The Mediterranean Wall. Among Sovereignty, Borders and Identities

Lucia Martines


The essay intends to highlight as the walls constitute the elements of that “imaginary geography”, according to a definition of Edward Said, that realizing an attempt of defence of the State sovereignty, admits at same times its fragility. Symbolically representing a function and an effectiveness that in reality they do not exercise, such walls appear as “theatrical and spectacularised performance of the power” (as Wendy Brown claimed), disappointing responses in the face of the challenges and of today's questions.

Analysing the convergence of the Mediterranean area to the global tendency to the building of barriers and to the deep fragmentation of the lands, ploughed by rigid and hostile boundaries, the analysis focused how the elevation of real walls is linked to the creation of an imaginary barrier, the “Mediterranean wall”, an intangible, immaterial, but impassable limit, a barrier against which an incalculable number of migrants have lost and continue to lose their lives.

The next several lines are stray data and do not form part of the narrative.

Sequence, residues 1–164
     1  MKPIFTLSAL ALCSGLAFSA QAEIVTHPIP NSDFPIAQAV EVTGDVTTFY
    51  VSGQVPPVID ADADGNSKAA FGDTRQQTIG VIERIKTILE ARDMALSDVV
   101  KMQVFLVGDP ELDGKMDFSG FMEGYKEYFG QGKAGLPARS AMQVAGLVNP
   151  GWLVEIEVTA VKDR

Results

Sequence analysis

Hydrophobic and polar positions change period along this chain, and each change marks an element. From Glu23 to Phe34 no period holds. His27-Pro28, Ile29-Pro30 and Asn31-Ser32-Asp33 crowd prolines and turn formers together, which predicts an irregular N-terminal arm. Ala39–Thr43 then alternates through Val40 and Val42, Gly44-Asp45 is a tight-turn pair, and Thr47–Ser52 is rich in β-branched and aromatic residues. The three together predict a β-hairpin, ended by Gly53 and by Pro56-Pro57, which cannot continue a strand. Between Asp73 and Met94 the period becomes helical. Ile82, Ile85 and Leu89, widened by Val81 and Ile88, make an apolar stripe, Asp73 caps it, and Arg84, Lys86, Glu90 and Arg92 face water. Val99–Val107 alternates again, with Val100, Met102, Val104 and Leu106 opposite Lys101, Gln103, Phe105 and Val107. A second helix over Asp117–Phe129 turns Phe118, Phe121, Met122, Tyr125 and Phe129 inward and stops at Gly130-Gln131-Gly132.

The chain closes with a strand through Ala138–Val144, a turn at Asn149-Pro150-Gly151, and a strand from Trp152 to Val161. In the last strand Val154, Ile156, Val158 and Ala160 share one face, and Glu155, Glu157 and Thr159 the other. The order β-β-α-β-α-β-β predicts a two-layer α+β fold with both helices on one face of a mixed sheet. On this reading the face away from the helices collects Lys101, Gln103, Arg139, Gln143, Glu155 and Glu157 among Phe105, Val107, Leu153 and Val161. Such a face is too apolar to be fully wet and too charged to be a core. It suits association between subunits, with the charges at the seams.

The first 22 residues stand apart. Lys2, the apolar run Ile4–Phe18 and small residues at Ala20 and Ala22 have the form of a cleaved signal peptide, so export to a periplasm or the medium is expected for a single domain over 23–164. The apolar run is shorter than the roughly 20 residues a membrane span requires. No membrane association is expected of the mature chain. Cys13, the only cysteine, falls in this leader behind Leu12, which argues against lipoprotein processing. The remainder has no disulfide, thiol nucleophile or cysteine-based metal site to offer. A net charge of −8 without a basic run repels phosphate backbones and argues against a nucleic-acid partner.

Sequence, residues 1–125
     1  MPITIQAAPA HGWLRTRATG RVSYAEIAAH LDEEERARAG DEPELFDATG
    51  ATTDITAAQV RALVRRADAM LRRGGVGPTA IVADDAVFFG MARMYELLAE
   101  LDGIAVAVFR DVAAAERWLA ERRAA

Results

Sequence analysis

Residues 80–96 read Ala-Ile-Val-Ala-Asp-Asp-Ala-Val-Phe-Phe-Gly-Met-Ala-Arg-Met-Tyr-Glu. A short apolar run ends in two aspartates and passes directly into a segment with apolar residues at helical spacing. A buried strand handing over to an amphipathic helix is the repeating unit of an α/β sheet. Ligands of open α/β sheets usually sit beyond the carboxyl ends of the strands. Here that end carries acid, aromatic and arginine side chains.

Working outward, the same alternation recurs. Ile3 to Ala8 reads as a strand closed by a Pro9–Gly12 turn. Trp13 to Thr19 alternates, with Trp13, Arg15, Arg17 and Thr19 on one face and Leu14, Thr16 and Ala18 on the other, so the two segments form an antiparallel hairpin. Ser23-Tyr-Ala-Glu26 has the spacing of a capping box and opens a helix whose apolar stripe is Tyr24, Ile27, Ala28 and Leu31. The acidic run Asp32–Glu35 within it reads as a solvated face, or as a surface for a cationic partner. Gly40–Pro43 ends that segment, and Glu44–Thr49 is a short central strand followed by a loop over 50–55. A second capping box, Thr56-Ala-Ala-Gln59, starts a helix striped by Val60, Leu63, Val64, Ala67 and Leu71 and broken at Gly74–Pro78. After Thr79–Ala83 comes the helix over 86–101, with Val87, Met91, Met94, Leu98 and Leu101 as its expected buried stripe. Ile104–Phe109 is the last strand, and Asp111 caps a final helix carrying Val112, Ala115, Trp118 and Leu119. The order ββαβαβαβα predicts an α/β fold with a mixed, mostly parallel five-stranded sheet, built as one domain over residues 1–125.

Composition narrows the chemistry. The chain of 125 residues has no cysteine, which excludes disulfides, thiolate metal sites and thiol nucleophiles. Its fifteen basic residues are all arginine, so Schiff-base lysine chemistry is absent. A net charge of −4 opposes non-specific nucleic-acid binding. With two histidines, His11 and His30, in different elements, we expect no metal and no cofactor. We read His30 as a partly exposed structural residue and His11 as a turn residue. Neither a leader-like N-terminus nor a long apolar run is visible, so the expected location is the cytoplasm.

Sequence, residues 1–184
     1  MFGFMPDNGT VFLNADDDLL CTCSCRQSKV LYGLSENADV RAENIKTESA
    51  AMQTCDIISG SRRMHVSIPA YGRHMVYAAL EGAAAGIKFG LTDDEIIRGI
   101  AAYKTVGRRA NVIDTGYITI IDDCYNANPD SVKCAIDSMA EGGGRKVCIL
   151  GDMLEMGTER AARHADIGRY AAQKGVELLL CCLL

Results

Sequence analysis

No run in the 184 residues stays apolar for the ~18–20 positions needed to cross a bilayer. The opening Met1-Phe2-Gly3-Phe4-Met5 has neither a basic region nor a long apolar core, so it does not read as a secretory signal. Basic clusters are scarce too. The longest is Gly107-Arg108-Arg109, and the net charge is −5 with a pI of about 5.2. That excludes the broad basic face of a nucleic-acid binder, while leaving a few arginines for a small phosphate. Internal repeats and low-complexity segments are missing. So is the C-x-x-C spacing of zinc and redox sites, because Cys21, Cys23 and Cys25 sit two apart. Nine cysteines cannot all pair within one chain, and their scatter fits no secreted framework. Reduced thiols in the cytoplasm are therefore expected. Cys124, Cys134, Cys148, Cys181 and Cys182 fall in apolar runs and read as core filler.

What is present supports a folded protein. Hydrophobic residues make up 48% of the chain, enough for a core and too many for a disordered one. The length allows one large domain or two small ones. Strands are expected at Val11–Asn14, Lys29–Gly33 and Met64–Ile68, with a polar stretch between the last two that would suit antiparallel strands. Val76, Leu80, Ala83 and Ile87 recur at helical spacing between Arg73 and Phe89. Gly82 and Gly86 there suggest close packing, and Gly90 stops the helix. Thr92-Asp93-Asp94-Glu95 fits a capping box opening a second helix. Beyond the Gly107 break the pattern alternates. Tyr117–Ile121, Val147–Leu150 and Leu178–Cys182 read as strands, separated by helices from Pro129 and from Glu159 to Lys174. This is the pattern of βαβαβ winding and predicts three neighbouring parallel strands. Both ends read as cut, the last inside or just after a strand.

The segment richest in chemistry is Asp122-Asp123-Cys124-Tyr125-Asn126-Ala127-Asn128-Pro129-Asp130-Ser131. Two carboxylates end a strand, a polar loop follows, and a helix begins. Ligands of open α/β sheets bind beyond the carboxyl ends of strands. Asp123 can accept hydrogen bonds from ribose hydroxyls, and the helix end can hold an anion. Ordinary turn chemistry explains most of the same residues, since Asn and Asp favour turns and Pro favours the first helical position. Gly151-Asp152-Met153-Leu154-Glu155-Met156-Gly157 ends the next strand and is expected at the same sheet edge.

Mediterranean area; borders; identity; sovereignty;

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DOI: 10.6092/issn.1974-4935/7131


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ISSN 1974-4935
Governare la Paura University of Bologna
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